Short-Term Electricity Trading for System Balancing - An Empirical Analysis of the Role of Intraday Trading in Balancing Germany’s Electricity System

33 Pages Posted: 19 Nov 2018 Last revised: 9 Dec 2018

See all articles by Christopher Koch

Christopher Koch

Berlin University of Technology

Lion Hirth

Neon Neue Energieökonomik GmbH; Hertie School of Governance

Date Written: November 14, 2018

Abstract

Previous studies have noted that, surprisingly, Germany’s dramatic expansion of wind and solar energy coincided with a reduction of short-term balancing reserves. This paper provides further and updated evidence, supporting this “German Balancing Paradox”: since 2011 wind and solar energy nearly doubled while reserve requirements and reserve activation declined by around 50%. We quantitatively explore one reason for reduced balancing needs: increased and improved short-term wholesale electricity trading. Electricity trading is now commonly done around the clock and based on quarter hours, rather than hours. The shift to quarter-hourly products alone explains a decrease in balancing energy by 17%. We also find strong evidence for market parties to respond efficiently to imbalance charges, suggesting that market-based approaches to balancing work.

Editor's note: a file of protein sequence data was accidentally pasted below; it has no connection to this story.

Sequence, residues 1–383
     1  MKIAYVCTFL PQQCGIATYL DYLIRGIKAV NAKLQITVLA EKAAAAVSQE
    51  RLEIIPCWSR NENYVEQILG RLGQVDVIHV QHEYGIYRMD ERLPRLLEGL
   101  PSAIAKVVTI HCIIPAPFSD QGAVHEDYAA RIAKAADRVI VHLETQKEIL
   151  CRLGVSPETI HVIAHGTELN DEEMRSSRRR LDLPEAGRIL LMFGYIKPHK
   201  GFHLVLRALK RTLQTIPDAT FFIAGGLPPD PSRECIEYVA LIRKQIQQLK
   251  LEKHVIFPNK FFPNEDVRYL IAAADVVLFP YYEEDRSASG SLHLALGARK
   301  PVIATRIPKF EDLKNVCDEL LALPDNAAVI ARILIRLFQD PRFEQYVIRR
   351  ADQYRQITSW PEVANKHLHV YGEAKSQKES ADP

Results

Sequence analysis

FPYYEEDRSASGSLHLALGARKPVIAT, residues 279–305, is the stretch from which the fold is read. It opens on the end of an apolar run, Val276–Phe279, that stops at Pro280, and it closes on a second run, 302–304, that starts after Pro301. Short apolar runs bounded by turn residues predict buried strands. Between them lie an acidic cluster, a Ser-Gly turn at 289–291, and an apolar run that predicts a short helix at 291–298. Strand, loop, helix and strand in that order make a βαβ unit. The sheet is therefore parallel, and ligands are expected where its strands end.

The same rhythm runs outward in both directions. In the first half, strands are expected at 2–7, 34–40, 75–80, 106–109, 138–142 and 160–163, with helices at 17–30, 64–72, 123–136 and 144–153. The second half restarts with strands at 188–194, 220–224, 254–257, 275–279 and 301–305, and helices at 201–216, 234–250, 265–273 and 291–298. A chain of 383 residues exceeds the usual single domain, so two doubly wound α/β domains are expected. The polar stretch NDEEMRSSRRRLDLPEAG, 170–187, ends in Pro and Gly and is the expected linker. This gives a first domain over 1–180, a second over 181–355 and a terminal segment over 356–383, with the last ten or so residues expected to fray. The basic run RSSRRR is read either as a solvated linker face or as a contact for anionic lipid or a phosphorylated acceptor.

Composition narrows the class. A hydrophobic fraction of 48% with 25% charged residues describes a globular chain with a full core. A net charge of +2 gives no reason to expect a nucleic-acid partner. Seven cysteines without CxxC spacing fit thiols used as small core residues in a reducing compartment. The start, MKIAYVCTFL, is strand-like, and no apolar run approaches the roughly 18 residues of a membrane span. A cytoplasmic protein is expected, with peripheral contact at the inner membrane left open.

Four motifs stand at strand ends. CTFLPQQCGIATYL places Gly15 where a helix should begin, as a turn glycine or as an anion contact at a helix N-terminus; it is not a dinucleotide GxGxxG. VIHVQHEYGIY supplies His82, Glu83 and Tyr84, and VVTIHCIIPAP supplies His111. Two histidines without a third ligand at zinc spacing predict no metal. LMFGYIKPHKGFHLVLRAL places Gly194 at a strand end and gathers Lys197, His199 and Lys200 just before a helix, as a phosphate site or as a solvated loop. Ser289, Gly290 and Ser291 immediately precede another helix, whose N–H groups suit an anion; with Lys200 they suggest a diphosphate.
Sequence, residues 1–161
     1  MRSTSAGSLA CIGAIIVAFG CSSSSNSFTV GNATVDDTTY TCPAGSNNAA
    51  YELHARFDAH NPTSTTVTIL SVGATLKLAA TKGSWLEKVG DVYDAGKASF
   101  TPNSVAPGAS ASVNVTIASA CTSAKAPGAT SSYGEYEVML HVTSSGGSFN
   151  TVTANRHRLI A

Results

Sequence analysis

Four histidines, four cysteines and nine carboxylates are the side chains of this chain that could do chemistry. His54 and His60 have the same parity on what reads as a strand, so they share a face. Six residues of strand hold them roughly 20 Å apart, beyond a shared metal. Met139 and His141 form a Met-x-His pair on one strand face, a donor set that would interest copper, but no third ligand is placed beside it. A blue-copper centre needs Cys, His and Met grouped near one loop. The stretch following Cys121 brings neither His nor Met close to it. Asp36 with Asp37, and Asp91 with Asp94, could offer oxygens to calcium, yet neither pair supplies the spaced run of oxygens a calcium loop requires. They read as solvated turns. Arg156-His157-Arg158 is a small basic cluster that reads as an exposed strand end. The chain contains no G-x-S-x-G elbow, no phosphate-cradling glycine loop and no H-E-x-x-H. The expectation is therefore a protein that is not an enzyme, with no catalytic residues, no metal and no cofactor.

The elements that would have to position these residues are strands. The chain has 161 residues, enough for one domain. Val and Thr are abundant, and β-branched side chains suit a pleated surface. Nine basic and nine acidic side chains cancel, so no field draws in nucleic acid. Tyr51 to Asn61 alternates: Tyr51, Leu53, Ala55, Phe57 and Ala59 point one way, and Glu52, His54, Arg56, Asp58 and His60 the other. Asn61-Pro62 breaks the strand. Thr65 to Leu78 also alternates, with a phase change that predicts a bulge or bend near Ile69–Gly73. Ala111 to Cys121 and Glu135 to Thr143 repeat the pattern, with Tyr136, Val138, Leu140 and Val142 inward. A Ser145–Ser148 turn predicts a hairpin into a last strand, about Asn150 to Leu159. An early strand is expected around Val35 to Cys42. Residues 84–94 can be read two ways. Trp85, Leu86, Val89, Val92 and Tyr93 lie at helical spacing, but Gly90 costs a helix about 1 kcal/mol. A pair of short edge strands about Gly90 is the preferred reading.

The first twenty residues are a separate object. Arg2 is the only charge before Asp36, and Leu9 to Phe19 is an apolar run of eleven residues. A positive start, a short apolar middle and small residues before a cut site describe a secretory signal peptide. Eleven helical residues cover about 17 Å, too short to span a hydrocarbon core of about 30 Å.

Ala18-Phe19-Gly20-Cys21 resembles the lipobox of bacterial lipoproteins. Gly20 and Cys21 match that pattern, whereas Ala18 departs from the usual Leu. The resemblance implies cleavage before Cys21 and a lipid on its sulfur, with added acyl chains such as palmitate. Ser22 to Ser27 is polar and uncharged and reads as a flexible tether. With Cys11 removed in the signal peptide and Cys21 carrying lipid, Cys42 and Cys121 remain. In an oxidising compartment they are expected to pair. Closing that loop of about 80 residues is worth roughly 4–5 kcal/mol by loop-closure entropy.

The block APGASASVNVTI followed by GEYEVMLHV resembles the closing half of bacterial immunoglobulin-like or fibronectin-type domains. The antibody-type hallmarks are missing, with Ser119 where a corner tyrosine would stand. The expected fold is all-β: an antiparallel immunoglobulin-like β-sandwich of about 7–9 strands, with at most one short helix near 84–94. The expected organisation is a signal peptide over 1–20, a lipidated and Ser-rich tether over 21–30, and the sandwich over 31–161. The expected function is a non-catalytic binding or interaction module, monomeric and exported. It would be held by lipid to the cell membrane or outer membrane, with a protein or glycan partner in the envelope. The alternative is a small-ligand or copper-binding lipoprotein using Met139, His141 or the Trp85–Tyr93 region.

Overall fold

Keywords: balancing energy; intraday market; variable renewables; wind energy, solar energy; market design; renewables system integration

Suggested Citation

Koch, Christopher and Hirth, Lion, Short-Term Electricity Trading for System Balancing - An Empirical Analysis of the Role of Intraday Trading in Balancing Germany’s Electricity System (November 14, 2018). USAEE Working Paper No. 18-368. Available at SSRN: https://ssrn.com/abstract=3284262 or http://dx.doi.org/10.2139/ssrn.3284262

Christopher Koch

Berlin University of Technology ( email )

Einsteinufer 25
Berlin, 10587
Germany

Lion Hirth (Contact Author)

Neon Neue Energieökonomik GmbH ( email )

Karl-Marx-Platz 12
12043
Berlin, 12043
Germany

HOME PAGE: http://www.neon-energie.de

Hertie School of Governance ( email )

Friedrichstraße 180
Berlin, 10117
Germany

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